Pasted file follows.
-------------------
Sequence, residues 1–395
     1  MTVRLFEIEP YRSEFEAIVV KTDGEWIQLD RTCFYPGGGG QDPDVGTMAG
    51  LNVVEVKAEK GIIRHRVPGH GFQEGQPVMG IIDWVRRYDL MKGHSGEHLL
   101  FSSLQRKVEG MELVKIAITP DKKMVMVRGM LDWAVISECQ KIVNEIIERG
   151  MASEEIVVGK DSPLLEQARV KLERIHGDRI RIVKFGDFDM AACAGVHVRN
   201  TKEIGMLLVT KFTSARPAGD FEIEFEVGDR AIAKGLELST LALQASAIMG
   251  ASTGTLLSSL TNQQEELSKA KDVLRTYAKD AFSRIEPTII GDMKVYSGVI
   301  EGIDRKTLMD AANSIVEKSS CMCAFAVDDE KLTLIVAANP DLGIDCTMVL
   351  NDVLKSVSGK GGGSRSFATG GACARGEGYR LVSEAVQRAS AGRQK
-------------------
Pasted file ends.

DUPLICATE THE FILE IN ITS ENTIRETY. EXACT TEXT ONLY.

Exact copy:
Sequence, residues 1–395
     1  MTVRLFEIEP YRSEFEAIVV KTDGEWIQLD RTCFYPGGGG QDPDVGTMAG
    51  LNVVEVKAEK GIIRHRVPGH GFQEGQPVMG IIDWVRRYDL MKGHSGEHLL
   101  FSSLQRKVEG MELVKIAITP DKKMVMVRGM LDWAVISECQ KIVNEIIERG
   151  MASEEIVVGK DSPLLEQARV KLERIHGDRI RIVKFGDFDM AACAGVHVRN
   201  TKEIGMLLVT KFTSARPAGD FEIEFEVGDR AIAKGLELST LALQASAIMG
   251  ASTGTLLSSL TNQQEELSKA KDVLRTYAKD AFSRIEPTII GDMKVYSGVI
   301  EGIDRKTLMD AANSIVEKSS CMCAFAVDDE KLTLIVAANP DLGIDCTMVL
   351  NDVLKSVSGK GGGSRSFATG GACARGEGYR LVSEAVQRAS AGRQK